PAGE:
February 9th

Motorcycle maintenance: top tips

These nine top tips will help to ensure your beloved motorcycle survives even the toughest conditions, whatever the weather, courtesy of a Honda mechanic with decades of experience.

Meet Matt Close. Matt’s been riding and working with motorcycles since he was 12 years old. Now, more than three decades later, he uses his expertise to answer technical queries from Honda’s network of UK dealerships. If you need to know something – anything – about getting the best out of your bike, he’s the right person to ask. Here are his nine top tips for winter motorcycle maintenance.

  • 01 Check your tyre pressure

    Cold temperatures alone are enough to reduce tyre pressure significantly, so it’s even more crucial to check your tyre pressure in the winter. When you’ve only got two bits of rubber on the road, even a small change can make a big difference to handling. Do regular checks using a gauge at a petrol station and, for consistency, try to use the same gauge each time.

  • 02 Make sure your bike is well lubricated

    Wet weather can wash away lubricant almost as quickly as you can put it on. A dry or rusty chain will wear out more quickly and take a chunk out of your fuel efficiency, so it’s worth getting into the habit of checking. But do it after your last ride, rather than just before your next one. Applying lubricant and leaving it to coat the links overnight works best.    

  • 03 Maintain the correct chain tension

    Your bike’s chain is essentially a hefty piece of metal flying around at high speed, so it’s wise to make sure that it’s at the right tension. Different bikes will require different amounts of free play in the chain, so consult your manual. But whatever model you own, whether it's a big bike like the Gold Wing or a mini monkey like the MSX125, check regularly.

  • 04 Wash your bike regularly – especially in winter

    The salt on UK roads in the winter is rock salt. It works well enough for reducing ice, but it isn’t great for metal motorcycle components, which can get coated or clogged up when you ride through the salt. If left to sit, salt can even corrode metal, so get into the habit of washing your bike after each winter ride if you can. Soapy warm water is low-tech but highly effective.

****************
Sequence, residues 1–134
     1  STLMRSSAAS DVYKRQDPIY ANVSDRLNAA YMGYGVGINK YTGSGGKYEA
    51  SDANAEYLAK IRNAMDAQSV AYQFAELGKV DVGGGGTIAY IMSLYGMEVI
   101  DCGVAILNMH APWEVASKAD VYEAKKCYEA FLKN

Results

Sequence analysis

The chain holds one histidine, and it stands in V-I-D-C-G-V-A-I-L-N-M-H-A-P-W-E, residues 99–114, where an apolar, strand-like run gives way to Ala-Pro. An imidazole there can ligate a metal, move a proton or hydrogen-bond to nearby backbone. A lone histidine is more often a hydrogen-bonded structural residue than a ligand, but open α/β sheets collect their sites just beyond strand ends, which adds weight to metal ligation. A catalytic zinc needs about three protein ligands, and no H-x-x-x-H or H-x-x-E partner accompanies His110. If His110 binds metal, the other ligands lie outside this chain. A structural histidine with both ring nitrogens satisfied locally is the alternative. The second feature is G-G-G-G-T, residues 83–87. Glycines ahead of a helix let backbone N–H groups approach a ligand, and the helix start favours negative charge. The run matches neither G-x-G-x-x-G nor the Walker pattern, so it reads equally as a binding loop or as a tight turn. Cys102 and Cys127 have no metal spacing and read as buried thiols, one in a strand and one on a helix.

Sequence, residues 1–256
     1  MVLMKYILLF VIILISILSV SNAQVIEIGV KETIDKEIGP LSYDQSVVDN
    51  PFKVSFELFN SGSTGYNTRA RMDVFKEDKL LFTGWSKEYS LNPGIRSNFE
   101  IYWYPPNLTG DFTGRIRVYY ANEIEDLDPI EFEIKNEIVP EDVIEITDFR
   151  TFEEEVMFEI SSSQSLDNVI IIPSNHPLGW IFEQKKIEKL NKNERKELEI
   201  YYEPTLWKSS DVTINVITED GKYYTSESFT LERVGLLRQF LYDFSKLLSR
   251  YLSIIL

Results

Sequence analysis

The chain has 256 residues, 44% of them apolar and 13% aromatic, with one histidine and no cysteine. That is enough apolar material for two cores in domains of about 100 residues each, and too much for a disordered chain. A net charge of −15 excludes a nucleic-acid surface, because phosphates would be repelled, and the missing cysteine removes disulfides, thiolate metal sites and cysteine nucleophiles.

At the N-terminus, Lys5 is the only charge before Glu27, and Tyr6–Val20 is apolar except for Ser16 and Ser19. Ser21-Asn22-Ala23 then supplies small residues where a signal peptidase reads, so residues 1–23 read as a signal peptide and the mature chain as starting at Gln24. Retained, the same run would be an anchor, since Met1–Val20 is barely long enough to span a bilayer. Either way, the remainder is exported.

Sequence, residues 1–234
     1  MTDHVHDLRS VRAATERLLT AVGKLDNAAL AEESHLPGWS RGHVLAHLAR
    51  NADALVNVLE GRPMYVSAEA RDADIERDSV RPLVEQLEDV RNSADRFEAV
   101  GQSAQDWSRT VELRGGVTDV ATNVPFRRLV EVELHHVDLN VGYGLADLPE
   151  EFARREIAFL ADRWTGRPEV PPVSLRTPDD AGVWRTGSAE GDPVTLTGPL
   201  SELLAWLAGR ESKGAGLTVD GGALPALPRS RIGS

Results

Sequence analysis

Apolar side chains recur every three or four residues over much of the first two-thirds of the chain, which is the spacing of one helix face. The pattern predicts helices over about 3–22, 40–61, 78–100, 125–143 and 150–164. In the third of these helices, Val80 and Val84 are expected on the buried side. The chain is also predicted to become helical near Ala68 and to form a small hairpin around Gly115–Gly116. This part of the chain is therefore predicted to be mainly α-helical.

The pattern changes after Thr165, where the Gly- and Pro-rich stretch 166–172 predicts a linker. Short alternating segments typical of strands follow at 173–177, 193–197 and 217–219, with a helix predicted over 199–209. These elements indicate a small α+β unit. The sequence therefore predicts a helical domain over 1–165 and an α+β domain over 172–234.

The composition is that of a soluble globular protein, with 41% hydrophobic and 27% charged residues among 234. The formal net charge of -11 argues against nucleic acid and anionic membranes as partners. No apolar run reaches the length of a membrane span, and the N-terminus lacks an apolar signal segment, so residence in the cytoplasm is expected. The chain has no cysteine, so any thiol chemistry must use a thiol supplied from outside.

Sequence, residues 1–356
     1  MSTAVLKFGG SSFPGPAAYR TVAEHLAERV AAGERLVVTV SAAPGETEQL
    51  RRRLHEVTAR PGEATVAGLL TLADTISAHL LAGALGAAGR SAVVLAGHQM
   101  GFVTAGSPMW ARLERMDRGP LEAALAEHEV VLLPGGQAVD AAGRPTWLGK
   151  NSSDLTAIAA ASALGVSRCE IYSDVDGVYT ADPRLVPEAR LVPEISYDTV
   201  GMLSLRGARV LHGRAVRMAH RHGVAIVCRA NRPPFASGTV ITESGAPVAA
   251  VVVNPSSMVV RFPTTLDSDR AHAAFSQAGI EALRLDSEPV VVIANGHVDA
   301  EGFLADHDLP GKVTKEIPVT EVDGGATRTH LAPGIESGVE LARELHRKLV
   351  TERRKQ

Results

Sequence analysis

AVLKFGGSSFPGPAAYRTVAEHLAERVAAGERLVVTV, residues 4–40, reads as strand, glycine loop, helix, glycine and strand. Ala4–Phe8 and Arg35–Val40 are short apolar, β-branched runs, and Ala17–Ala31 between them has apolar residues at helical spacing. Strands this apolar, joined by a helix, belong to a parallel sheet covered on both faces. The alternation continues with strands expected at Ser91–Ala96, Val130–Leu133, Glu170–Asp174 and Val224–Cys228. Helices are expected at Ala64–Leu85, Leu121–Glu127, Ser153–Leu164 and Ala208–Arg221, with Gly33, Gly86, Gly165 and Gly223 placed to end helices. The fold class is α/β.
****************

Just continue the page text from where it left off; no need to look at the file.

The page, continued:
• 05 Avoid jet-washing

    It’s tempting – especially when the weather’s cold and you’re tired after a ride – but jet-washers are best avoided in favour of good old-fashioned elbow grease. High-pressure jets can damage rubber seals and even flatten the slanted fins of radiators. If that happens, water gets trapped, and you can end up with a hole where you don’t want one.

  • 06 Listen for squealing brakes

    Keeping an ear out for anything unusual is a generally a good idea, but especially when it comes to your brakes. If something doesn’t sound right, then ask your Honda dealer to give them a once-over. It’s better to be safe than sorry.

  • 07 Keep your battery topped up at all times

    If bad weather means that your bike spends a little less time out on the road, then it’s a good idea to take care of your battery. Either disconnect it (so it doesn’t run down) or hook it up to a float charger to keep it topped up to the brim. 

  • 08 Use a cover to protect your bike

    If you took two identical motorcycles – say, two Africa Twins – and rode them the same amount, but kept one inside and one outside, they would look very different after just a few years. If you don’t have a garage or shed, a good-quality cover is the next best thing to protect your machine from the Great British weather. Just remember to wait until the bike has cooled off before throwing it on. Otherwise it could melt – and be stuck on for a while…

  • 09 Always pack a toolkit

    All bikes should have a small toolkit on board. It pays to check that yours is in good working order and that it contains a puncture repair kit. Losing tyre pressure is bad enough at the best of times, but if it also means that you have to wait on the hard shoulder in the cold and rain for a few hours, that really would be a let-down.